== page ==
How can I use my textbook?

Help, tips and advice in teaching English

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How can I use my textbook?

Unread postby kitkat216 » 11 Nov 2006, 23:37

Dear Lucy,

I am a new ESL teacher for French high school-age students (3-6 years of English). I am finding that the textbooks that the school currently uses are really really bad. Most of it is in French, which I don't understand, including the grammar sections. The books are written by French people and no native English speakers contributed from what I can tell. I don't really know what to do, partly because of my own inexperience, and because there isn't really a method to the book. I was wondering if you could suggest a way to cope with this horrible book (they are published by Nathan if that means anything to you) or if you could recommend a good textbook for French teenagers (2, 1er and Terminale). I am finding that many people here complain that they can't learn a foreign language, but with the textbooks that they are using I can understand why.


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How can I work with the textbook?

Unread postby Lucy » 14 Nov 2006, 18:04

Dear Kate,

I know how difficult it can be to teach with a course book that you don’t like. However, I’m not sure whether the school will allow you to change it if the students have already been provided with their copy of the book. Check this with the school but I’m afraid you might have to stick with it.

I’m not sure which textbook you are talking about but here are some ideas to help you use it (based on what I think is lacking in many teenage textbooks).

It’s important to use some sort of warmer activity at the beginning of classes. These are short activities (about 5 minutes) to get students speaking very quickly; try to make them fun and relevant to what you are about to teach. Teenagers get quite excited if you introduce an element of competition. You can use vocabulary quizzes, word bingo, hangman with words that are going to be encountered in the lesson. You can see my answer on 11 July 2004 for other ideas for warmers.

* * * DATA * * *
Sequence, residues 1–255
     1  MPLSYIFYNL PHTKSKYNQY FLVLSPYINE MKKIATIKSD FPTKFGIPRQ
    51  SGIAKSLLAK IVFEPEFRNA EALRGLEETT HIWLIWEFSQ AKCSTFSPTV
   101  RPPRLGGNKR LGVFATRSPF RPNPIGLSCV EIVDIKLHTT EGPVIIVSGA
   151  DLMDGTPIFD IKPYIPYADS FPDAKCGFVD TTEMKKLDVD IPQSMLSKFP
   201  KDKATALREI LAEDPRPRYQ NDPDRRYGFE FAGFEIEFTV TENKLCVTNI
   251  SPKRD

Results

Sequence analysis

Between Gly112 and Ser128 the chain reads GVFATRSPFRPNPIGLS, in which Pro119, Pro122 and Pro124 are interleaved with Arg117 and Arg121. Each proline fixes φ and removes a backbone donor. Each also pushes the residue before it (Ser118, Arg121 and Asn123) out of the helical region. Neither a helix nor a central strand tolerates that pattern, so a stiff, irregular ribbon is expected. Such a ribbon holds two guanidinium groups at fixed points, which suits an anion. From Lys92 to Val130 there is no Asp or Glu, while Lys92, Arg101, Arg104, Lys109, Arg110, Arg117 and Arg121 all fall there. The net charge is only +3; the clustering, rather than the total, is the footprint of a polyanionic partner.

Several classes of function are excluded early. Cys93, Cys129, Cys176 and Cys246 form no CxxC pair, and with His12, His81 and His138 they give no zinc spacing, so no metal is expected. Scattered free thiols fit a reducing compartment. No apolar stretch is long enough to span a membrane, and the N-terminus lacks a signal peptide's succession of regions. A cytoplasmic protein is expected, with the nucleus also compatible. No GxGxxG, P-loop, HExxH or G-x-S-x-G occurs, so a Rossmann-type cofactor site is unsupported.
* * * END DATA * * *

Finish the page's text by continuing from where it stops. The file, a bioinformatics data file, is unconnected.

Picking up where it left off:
Students aged about 16 – 18 have usually studied many of the language constructions: e.g. tenses, set phrases. The problem is that they might know the language in theory but often have difficulty putting it into practice. This is where you play an important role: give the students plenty of opportunity to speak using the language they are studying. Briefly revise the language item and then use situations to practise the language. For this you can use books designed to give speaking practice.

For your problem of grammar explanations in French, you could use a good grammar book in English. Michael Swan has written some excellent ones aimed at teachers. Raymond Murphy has produced an excellent series for students. You might be able to convince the school to allow you to use these (and possibly buy them for you) as you don’t understand the French in the textbooks.

I also suggest you look at the following answers I have given in this forum:

Why do my students always speak Spanish? 12 March 2004

Using the vocabulary boxes in the course book December 13 2004

Vocabulary bag: 26 September 2004

Good luck,


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